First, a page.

• Megaton Punch: With enough stamina implants, you can punch people so hard they explode into a shower of meat.
    • In Veteran Edition, collecting the three talismans exclusive to that version allows you to One-Hit Kill anything with your punch short of a boss.
  • Mission Control: Blackbird, your Voice with an Internet Connection, once referred to by PC Gamer as the sexiest thing to ever come out of your PC speakers.
    • Macil, too, gives you reports and sends you into missions... initially.
  • Mook Maker: Inverted; you can find and/or buy teleporter beacons that spawn in Front troops to help you. Unfortunately, they're only good for a momentary distraction and the ammo they drop when they (inevitably) die... against strong enemies. They CAN actually kill ordinary minions.
    • There is one other good use for them. Unlike your assault rifle shots, their gunfire won't set off alarms. If you set a trio of beacons off in the middle of Tarnhill, you can wreak havoc on the local guards without prompting waves of reinforcements to teleport in.
    • Played straight by the Conversion Chapel: this is where all the Order's troops come from. Humans go in the huge machine, and partly-robotic Acolytes come out.
  • Moon Logic Puzzle: A man at the tavern asks you to steal a chalice from the Order's sanctuary and bring it to the governor for a reward. This will probably get you killed when the governor locks his office door and sics several dozen Order mooks on you. (It's possible to get out through the window, but you'll still get killed.) It's a pretty bad idea, though you wouldn't figure this out unless you talked with the guy you were sent to kill by another man and managed to put two and two together. This happens only once and right at the beginning of the game, though, so even if you screw up you're only out five or ten minutes. Later on, you can actually perform said quest and STILL complete the game. Not advisable under any circumstances, but still...
    • Notably, doing this early on makes the original game unwinnable since after finishing a few Front missions, you need to talk to the Governor to get your next mission. If you picked up the chalice at all, even if you dropped it, he'll lock the doors and sic a wave of bad guys on you as soon as you try to talk to him. You can escape through the window, but cannot advance the plot. In Veteran Edition, on the other hand, the Governor will instead have you knocked out and dragged back to the start, after which you can continue the game normally.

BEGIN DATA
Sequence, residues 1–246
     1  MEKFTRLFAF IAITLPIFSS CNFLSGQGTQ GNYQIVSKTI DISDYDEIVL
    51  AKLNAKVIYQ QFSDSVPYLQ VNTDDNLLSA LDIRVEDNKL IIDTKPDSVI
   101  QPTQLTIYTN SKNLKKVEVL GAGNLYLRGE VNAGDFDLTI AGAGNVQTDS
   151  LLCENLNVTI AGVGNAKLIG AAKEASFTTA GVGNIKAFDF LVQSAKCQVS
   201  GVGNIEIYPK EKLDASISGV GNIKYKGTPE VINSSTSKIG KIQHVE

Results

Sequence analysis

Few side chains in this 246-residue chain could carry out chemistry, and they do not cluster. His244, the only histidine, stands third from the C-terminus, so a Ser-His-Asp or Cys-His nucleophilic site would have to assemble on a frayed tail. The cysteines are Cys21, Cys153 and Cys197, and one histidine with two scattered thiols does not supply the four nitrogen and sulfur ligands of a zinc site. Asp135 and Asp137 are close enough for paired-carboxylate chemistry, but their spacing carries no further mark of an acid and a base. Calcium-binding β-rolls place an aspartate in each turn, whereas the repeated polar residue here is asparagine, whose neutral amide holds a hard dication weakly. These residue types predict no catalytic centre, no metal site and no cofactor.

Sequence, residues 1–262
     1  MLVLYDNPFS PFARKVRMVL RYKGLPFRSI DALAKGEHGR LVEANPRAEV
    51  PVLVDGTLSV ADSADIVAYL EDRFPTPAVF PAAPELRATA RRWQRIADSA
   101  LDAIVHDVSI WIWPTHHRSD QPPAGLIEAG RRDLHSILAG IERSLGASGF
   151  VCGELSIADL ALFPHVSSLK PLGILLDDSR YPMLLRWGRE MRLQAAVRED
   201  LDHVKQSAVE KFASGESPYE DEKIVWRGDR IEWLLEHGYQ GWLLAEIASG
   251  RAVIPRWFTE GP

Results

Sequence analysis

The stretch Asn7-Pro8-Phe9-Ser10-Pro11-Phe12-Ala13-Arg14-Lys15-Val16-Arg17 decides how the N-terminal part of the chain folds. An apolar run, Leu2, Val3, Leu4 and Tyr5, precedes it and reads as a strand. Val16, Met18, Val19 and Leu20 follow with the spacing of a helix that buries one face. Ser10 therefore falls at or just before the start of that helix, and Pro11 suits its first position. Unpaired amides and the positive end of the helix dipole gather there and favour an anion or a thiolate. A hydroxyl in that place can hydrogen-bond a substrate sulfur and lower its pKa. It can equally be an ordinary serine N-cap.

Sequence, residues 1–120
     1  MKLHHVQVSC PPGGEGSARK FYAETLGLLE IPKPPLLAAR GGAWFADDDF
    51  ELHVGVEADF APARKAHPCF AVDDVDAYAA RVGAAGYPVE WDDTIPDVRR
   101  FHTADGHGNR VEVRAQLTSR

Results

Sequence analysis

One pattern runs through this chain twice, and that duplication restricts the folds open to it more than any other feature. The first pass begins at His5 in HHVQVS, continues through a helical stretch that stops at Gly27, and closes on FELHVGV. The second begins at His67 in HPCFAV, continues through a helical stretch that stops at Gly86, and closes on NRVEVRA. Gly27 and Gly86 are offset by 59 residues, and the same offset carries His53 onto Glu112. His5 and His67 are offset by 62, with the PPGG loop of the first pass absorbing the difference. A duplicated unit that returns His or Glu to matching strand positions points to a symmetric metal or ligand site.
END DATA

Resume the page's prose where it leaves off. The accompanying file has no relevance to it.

• Multiple Endings: 3 endings total. The two big ones hinge on whether you kill The Oracle or Macil first. As for that other ending? Well, better save before fighting The Entity.
    • You'll know you're screwed out of the good ending if Blackbird is the Entity when you reach the last level.
  • Nice Girl: Blackbird. Despite being quite the Deadpan Snarker and even kind of a Blood Knight, she really does care about the protagonist, as well as showing compassion toward the "drones" (miners who have their brain function suppressed by a mind control device so they can't even think on their own, luckily you get to set them free.) She only subverts it if the Entity takes control of her.
  • Nice Job Breaking It, Hero: The governor can send you on a mission to investigate and destroy a tap connected to the local power main. What you aren't told is that it's The Front's power tap, and Blackbird isn't too happy with you if you break it. Fortunately, you can trick him with a broken tap.
  • Nintendo Hard: This game loves to screw you. Most enemies either use hitscan weapons, or fire very fast projectiles with almost no telegraphing. The game is remarkably stingy with ammo and health pickups, and even when it isn't, you're still going to burn through them in no time because damage from the aforementioned weapons builds up quickly, and even the weakest enemies take a surprising amount of hits to kill (acolytes will take about 10 hits from an assault rifle to kill, and the clips they drop only give you 5 bullets back). Sure, you can go back and buy weapons, ammo, and armor, but that requires money, which you can only get in sizeable quantities by clearing missions. If you get stuck on a mission with no pickups and no money, tough shit. And sure, if you're stuck with low health and no ammo, you can limp your ass back to base for some free healing and ammo replenishment... except that the people in charge of that are just as stingy as the rest of the game. The medic will only refill your health halfway, and the guy in charge of weapons will only give you 20-30 bullets; just enough to kill 2-3 acolytes. And as mentioned elsewhere on this page, if you even think about deviating from the path the game sets out for you in any way, bam! You just rendered the game Unwinnable.